Jacob Cohen in Habima’s The Merchant of Venice. Photograph: Tristram Kenton, The Guardian.
Since the 1800s, Israel and Palestine have been embroiled in a bitter war over land, water, religion, and the fight for their own national and personal identity to be recognised. In 2012, these two countries had an additional conflict on their minds: the performance of a Shakespeare play, The Merchant of Venice, and the problematic representation of Shylock, the displaced Jew.
Shakespeare offers us all manners of translation in A Midsummer Night’s Dream, from translating Bottom’s head into an ass, to Helena wishing to be translated into her best friend Hermia. But even more interestingly, Shakespeare himself is actively involved in the act of translation, and perhaps the modes of translation and the difficulties in doing so are reflective of Shakespeare’s hand and his own difficulties at work.
Inherited at such a young age, language appears an embedded, inherent function of human experience. It provides a lexical framework through which meaning can be communicated, shared, and recorded. Shakespeare’s deployment of variable meanings through puns endow language a dominant role in the creation of cultural tradition; language is a tool for persuasion and interaction. The figure of Caliban, however, punctures the hegemony of conventional linguistic traditions that seek to distinguish and categorize through naming. By creating space for alternative sounds, Caliban concomitantly reimagines the position of man in nature that initiates am early eco-consciousness. Continue reading →
Shakespeare’s The Tempest is riddled with interruption. All facets of the play from Prospero’s language to the play’s plot as a whole are consistently disrupted. This style of narrative contrasts the play’s establishment of time and place, which are standard of any traditionally well-made plot, and Shakespeare’s typically more coherent plays. An audience may ask then: why is interruption so central to The Tempest? How does such a disjoint narrative actually enhance instead of confuse the play’s story? And, what, if anything, might interruption reveal to the audience? Continue reading →
Philip Voss. Perhaps you recognize him from “Four Weddings and a Funeral” or “About Time”?
When readers’ eyes confront the homogenous sheets of a Shakespeare manuscript, any actor would insist that the sheer words flatten the fullest potential of the plays. At best in a perceptive reading, shadows of tones emerge as rhetorical implications.. The critical eye, as a holistic overarching consciousness often prefers to gravitate to rhetoric, images, and themes. The characters aren’t as much individuals as tropes, or fragments subsumed into a whole. But an actor/actress, whose entire vocation depends on a single character, can afford no such flexibility. Any indecision will shout mediocrity to the keenly peering audience. Absorbing this more demanding interpretation can be rewarding to literary readers who never plans to must the gall to step on stage. To this end, actor Phillip Voss’ award-winning essay on his role as Prospero in The Tempest is a particularly fine example for this exercise. Continue reading →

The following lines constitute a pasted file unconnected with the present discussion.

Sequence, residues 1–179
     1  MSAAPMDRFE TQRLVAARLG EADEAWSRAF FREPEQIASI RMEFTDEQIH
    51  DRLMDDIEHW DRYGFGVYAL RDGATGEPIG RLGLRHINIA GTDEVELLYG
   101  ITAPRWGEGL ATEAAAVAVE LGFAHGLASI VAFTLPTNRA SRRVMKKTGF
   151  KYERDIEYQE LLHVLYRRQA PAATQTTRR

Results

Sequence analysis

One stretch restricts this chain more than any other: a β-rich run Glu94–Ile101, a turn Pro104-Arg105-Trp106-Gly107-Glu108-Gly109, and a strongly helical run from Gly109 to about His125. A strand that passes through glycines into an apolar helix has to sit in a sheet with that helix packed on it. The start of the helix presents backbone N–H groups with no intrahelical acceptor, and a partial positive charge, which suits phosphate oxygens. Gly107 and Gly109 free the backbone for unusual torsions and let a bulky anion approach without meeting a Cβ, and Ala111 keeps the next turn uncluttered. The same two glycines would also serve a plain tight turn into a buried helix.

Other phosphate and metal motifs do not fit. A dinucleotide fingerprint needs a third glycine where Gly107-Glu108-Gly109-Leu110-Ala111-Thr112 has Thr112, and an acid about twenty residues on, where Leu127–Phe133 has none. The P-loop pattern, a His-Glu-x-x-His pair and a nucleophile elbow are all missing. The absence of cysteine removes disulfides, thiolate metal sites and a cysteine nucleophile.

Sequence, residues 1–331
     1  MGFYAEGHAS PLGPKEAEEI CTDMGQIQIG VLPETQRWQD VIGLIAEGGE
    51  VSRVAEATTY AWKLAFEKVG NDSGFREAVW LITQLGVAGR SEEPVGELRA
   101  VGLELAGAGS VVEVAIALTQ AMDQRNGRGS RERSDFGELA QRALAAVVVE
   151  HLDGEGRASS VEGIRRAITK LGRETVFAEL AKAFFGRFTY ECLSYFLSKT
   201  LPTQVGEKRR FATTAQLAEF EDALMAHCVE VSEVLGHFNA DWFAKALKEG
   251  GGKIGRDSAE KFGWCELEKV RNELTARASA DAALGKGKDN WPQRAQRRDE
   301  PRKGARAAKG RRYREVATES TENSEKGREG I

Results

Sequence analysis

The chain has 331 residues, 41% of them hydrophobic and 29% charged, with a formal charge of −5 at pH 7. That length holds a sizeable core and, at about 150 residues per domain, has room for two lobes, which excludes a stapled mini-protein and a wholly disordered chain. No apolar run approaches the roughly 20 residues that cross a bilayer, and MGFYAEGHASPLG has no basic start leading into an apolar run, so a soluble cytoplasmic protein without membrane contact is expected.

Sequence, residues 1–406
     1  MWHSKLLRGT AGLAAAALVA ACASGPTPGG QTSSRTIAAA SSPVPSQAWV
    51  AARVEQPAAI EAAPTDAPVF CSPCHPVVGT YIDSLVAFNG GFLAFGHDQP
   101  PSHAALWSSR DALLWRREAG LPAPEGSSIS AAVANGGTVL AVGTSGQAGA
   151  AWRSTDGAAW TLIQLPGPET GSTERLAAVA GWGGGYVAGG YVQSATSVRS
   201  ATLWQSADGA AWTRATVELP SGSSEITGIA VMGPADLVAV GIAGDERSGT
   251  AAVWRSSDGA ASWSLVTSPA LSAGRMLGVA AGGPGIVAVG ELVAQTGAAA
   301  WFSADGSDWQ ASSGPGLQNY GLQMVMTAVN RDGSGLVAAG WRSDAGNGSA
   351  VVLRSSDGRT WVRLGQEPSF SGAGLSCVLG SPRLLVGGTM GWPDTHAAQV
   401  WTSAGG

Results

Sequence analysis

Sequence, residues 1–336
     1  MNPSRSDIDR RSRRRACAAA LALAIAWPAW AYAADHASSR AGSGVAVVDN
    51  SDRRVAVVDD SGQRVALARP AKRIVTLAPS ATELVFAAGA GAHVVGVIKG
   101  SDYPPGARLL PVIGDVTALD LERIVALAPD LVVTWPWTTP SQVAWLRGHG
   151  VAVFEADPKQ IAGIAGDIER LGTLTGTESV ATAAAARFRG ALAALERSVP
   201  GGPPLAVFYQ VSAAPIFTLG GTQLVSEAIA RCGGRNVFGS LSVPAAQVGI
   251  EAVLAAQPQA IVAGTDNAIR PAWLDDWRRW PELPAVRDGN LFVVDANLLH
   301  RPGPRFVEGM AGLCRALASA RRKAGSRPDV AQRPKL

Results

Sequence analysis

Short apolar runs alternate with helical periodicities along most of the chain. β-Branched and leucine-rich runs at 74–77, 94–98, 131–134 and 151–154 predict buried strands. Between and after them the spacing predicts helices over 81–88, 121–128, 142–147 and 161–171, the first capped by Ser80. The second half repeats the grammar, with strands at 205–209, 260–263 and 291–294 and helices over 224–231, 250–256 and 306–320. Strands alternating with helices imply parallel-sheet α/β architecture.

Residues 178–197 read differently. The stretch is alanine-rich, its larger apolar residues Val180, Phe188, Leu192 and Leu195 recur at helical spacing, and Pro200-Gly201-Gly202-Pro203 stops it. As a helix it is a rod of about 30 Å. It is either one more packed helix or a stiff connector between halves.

Magic is not a frequently discussed topic, outside of eccentric video gamers and the handful of trading card enthusiasts. It is certainly not a topic one would expect any sort of scholarly article to take on seriously. However, that is exactly what Barbara Mowat, the director of research at the Folger Shakespeare library does. Continue reading →
In her article “Shakespeare’s Tempest and the Discourse of Colonialism”, Deborah Willis seeks to criticize the current state of discourse regarding the depiction of colonialism in The Tempest. Specifically, she seeks to criticize the arguments made by Paul Brown in a recent essay. Continue reading →
At the height of the American Civil War, the debate on slavery raged in the American North and South. The North supported the abolition of slavery whereas the South wanted to keep the institution of slavery to sustain their plantation-centric economy. Where Shakespeare’s The Tempest enters the fray is with a political cartoon published at the midpoint of the war: January 24, 1863.
There is a glaring lack of women with agency (or women at all for that matter) in The Tempest. The romance as a whole is oddly reminiscent of something out of Disney – there’s certainly no doubt Disney has adopted this story line in some aspect of a Princess film – but even more so than the romantic happy ending plotline, the protective, paternalistic figure controlling the destiny of his daughter narrative is one that has been told and retold in all aspects of entertainment. Although considered a “heroine,” Miranda evidently lacks the confidence or power to be considered a strong woman or a symbol of feminism by any means. Certainly, she is young and her innocence informs her emotional reactions, the first of which is to the shipwreck. In her very first lines, Miranda sympathizes to an almost depressive level, claiming “I have suffered/ With those that I suffer: a brave vessel,/ Who had, no doubt, some noble creature in her/ Dashed all to pieces!” (1.2.5-8). A melancholy, emotional girl of little direction, Miranda looks to her one and only companion and superior, her father, for any and all answers. Continue reading →